COLOR JASON AND HIS FUNNY MACHINES
JAZZ MUSIC: POEMS IN THE RHYTHM OF LIFE
By Ross Van Dusen 2016, 24 illustrations, $9.95 Rio Grande Books 505-344-9382
By Tom Banks 2013, 146 pages, $19.95 Sunstone Press 800-243-5644; www.sunstonepress.com
Here’s a whimsical and entertaining children’s activity book for ages three to eight from an author who has won six book awards since 2015 including the 2016 Eric Hoffer Montaigne Award, the 2016 Children’s Book, Southwest Book Design & Production Award, and New Mexico-Arizona Book Award. This unique activity book is a supplement to the Ross Van Dusen’s science series, What Makes a Rainbow?, What Makes A Snowflake?, and What Makes Lightning? This activity book offers Jason’s fantastic machines and fanciful inventions, puzzles, mazes and connect-the-dots games that may challenge the child’s logic and inspire his or her sense of adventure. The blank backs of coloring pages can be used for the child’s own imaginative drawings and inventions. (A scientist at Stanford is actually creating stunning synthetic snowflakes.)
Tom Banks majored in English at Indiana University. He muses on life with pathos and wry humor. To this poet life has a dancing rhythm of its own, like jazz that swerves this way and that, and yet sustains its own beat. Falling apart he tries to reassemble the pieces and discovers that they don’t fit, “So I’ll have to devise a new puzzle/based on the loose pieces of me…” Luckily, those “loose pieces” integrate in his poetry. “Grounded and still/On a high soaring orb/enclosed, and yet part of a star.” In the natural world he sees lines that stand alone or intersect, or radiate from space and time, yet all evolve from the same source. “Only dreams” he reflects, “have no lines…only dark light is permitted.” He discovers his truth with: “It can’t be that everything’s so untrue/This illusion is a passing thing for sure.” All that’s left is “the glimmer” and “the open sky beyond.”
PAUL PLETKA: IMAGINED WESTS By Amy Scott Contributions by Paul Pletka 2017, $65, 248 pages University of Oklahoma Press 800-627-7377; www.oupress.com In his foreword James K. Balinger, Director Emeritis of the Phoenix Art Museum, describes Paul Pletka’s art as “leaving his unsettled viewers to resolve his visual mysteries.” Pletka came of age in Grand Junction, Colorado, where he explored ancestral memory in geological layers of a red rock landscape still haunted by an indigenous culture. As a young man visiting Taos, he discovered a diverse artistic community that catalyzed his work while he absorbed the integration of Pueblo rituals with Catholic rites such as the Matachines Dance which is still performed at Taos Pueblo. His symbolic repertoire expanded to include Native artifacts and Hispanic culture, expressed in various techniques of modern art. Shamans, ghost dancers and images of the crucifixion affirm death as a spiritual transformation. Pletka says he paints “a terrible, compelling beauty” with “a profound and personal passion, literally bred in the bone…” Five brilliant stars!
TRULY TEXAS MEXICAN: A NATIVE CULINARY HERITAGE IN RECIPES By Adan Medrano 2014, 256 pages, $29.95 Texas Tech University Press 800-832-4042; ww.ttupress.org Enjoy the flavor profile of a hundred time-honored Texas Mexican recipes in the “mouth-watering interconnectedness of culture and cuisine.” Learn about the complexities of aromatic chiles and techniques to develop their unique flavors from the region north and south of the lower Rio Grande, from San Antonio down to Nava, Mexico. In the first chapter, Medrano relates a history of the Texas Indians that goes back a thousand years, how the resilient cultures survived through continuous change and adaptation. “Drying meat and fish had always been important to food preservation and taste …” he writes. But as native cooks fled to Catholic missionaries, their culinary creativity grew to include pigs, cattle, goats, onions, and garlic. In the face of disastrous losses of land and language, economic and political standing, “Food was the cultural activity that held us together.” Five delicious stars. To submit a book for review: include contact information and where to order.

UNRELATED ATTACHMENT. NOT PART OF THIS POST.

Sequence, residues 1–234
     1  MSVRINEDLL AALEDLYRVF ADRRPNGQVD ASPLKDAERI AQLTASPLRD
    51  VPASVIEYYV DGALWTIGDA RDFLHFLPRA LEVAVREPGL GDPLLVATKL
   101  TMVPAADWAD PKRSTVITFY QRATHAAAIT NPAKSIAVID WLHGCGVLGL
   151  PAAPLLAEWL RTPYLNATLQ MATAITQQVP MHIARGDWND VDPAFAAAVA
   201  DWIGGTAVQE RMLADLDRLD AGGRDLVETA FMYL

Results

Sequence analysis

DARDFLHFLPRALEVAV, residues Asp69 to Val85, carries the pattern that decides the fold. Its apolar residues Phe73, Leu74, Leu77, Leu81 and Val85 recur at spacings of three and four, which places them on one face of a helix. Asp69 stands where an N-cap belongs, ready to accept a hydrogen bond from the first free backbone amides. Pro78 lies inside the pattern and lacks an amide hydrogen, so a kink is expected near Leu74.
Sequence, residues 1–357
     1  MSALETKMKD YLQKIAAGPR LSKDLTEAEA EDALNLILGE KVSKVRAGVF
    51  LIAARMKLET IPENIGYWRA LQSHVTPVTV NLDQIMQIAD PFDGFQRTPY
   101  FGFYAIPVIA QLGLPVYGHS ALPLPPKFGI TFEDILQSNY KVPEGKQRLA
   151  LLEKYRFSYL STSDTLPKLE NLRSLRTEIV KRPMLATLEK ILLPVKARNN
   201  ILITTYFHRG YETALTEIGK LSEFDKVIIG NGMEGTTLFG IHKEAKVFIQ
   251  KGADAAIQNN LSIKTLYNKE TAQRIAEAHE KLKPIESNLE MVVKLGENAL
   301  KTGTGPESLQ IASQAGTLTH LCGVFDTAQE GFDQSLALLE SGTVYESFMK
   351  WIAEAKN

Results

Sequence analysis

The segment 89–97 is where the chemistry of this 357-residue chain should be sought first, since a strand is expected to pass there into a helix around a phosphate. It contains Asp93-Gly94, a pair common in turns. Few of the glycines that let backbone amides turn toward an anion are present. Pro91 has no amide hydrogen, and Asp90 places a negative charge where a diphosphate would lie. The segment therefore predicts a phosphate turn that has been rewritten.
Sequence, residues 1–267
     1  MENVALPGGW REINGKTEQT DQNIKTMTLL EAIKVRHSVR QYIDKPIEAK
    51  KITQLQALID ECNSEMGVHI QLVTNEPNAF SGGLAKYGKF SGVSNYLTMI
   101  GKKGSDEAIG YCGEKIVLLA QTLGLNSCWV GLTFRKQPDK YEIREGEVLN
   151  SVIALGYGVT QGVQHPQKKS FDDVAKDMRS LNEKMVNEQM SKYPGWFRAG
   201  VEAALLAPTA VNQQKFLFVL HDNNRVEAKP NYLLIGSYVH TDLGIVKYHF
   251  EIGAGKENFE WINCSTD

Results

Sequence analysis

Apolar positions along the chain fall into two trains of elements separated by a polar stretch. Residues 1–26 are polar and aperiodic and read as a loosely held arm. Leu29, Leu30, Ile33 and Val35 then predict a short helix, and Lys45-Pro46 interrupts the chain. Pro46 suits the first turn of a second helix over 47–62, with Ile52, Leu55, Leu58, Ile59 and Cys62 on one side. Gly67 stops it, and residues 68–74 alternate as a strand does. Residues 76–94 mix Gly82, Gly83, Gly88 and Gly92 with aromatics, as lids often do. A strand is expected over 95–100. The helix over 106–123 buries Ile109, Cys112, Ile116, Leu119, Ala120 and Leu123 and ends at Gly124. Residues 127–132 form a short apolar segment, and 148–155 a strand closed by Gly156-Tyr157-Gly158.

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Finding Inspiration in Youth Art
aiSravya Bandla is a young, talented artist who lives in Quay County and attends eighth grade at San Jon Municipal Schools. In recent years, she has submitted several drawings to enchantment magazine’s Youth Art contest and has been a published winner. Drawing according to enchantment magazine topics, SaiSravya has illustrated a car, a chile, a dinosaur, people baking cookies, a person skating, and a coyote (her school’s mascot). After her chile drawing was published, SaiSravya was contacted by someone who asked to use it on a greeting card. “I find the prompts fun to draw,” says SaiSravya. She described her techniques using paper, pencils, eraser, and ink. “I begin with a normal letter-sized paper and I draw with a pencil. After I think everything looks good, I erase my pencil marks so I can see them a little bit. I sketch it and after that I make it neat to prepare it for color. After that, I use colored pencils mostly but sometimes markers to outline it and give it some definition. I use black gel pen to outline it, or black marker. I finish cleaning up the edges with an eraser.” SaiSravya creates borders around some of her drawings. For her portraits, she uses a fine gel pen to outline eyes and lips. I like to draw animal and human portraits,” says SaiSravya. She especially likes to draw her family, and dogs named Cherry and Silver. Her father, Nagarajan, inspired SaiSravya to draw family portraits. She admires his artistic ability.